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Meru miraa traders count losses as Somalia digs in


Tuesday November 24, 2020
A miraa farmer Ms Jennifer Kathure picks some leaves in her farm in Laare. FILE PHOTO | NMG
A miraa farmer Ms Jennifer Kathure picks some leaves in her farm in Laare. FILE PHOTO | NMG


Miraa traders in Kenya and Somalia have gone back to the drawing board after Mogadishu intensified its crackdown on Kenyan khat, hurting the Meru economy.

This comes after 14 days within which the government was expected to facilitate reopening of the Somalia Miraa market, lapsed.

Two weeks ago, Meru governor Kiraitu Murungi and Igembe North MP Maore Maoka led a delegation of traders and elected leaders in a meeting with Interior Cabinet Secretary Fred Matiang'i who promised to fast-track the resolution of the diplomatic tiff.

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But according to Nyambene Miraa Traders Association (Nyamita) chairman Kimathi Munjuri, the situation has worsened in the last one week with Miraa being confiscated and dumped into the sea.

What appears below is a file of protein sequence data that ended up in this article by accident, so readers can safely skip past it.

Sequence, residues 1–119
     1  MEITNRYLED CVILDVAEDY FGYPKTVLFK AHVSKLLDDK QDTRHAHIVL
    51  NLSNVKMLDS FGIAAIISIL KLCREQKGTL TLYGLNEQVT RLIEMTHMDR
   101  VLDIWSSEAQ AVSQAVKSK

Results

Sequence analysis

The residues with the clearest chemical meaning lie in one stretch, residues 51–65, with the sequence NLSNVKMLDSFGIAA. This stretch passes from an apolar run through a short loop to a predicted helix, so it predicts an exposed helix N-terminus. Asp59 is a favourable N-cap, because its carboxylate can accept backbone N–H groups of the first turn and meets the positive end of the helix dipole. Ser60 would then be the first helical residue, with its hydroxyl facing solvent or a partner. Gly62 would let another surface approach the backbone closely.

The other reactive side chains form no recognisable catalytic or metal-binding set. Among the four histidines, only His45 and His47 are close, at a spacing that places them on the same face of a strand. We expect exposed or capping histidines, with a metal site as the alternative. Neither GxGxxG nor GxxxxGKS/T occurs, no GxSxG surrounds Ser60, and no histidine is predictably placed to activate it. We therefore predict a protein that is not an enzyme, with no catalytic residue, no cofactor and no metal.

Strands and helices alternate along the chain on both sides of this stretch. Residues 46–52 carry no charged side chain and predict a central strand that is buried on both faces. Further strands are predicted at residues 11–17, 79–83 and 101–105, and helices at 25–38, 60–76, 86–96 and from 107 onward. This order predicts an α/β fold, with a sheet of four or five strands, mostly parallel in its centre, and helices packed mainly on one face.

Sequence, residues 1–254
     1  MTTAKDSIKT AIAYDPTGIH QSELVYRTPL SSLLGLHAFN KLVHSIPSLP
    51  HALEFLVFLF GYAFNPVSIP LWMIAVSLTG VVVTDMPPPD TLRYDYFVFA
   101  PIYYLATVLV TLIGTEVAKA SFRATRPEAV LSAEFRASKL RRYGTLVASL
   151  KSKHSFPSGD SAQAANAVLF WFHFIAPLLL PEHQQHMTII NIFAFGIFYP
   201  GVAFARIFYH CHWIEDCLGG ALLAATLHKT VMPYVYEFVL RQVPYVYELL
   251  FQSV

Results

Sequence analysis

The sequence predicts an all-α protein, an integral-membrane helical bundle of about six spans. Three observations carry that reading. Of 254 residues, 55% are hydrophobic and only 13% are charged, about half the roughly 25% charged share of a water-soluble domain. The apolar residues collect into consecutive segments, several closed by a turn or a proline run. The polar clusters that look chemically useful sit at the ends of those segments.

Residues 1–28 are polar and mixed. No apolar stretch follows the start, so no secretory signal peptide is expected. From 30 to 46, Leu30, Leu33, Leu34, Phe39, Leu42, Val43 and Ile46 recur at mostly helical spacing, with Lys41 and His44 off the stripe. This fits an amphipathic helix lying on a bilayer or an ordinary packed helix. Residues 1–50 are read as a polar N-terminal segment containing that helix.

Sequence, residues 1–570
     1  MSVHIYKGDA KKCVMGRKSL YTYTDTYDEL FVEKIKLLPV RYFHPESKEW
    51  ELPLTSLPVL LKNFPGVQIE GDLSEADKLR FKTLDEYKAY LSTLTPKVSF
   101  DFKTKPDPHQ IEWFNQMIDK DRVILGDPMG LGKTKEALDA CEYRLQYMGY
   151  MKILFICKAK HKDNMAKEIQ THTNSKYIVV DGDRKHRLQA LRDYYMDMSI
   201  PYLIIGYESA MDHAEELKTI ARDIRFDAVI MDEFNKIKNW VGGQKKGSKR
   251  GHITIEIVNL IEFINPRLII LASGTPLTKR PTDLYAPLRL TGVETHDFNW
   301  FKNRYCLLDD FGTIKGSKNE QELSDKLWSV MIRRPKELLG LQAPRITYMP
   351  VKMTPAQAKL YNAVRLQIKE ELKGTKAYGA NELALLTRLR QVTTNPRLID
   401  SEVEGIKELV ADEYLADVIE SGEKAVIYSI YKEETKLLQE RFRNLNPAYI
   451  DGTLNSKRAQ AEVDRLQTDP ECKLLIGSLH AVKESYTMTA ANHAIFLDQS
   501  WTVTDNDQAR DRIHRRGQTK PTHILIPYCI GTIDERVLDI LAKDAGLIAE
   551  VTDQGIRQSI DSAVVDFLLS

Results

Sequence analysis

Five boats delivering miraa through Indian Ocean were confiscated and the miraa thrown away last week. The police are forcing traders to deal with Ethiopian khat only, Mr Munjuri said.

“We have lost more than 17 tonnes of miraa to the crackdown targeting our sea distribution lines. Several bags were burnt by Somali police last week. Business has deteriorated in the last one week," Mr Munjuri said.

The Nyamita chairman said the hostility has heightened despite foreign affairs officials from Kenya and Somalia entering an agreement last week.

"We are aware that Kenya agreed to allow various produce from Somalia including meat and milk while Kenya will export several products. But the agreement is yet to be ratified because it is yet to reach President Farmajo," he said.

Mr Munjuri said Somali-based miraa traders had reported that a woman was shot dead for insisting on selling Kenyan miraa.

He said the situation has been complicated as most of the diplomatic issues President Uhuru Kenyatta and his Somalia counterpart agreed on last year were yet to be fulfilled.

He said the traders now want a political solution to the stalemate.

"We are asking the governor and Mr Maoka to engage the president again to resolve this stalemate. These differences are not good for miraa business," the Nyamita chairman said.

The traders met in Eastleigh on Thursday to review progress in the bilateral engagements.

Last month, Somalia allowed import of Ethiopian khat, effectively locking out Kenyan traders.

 



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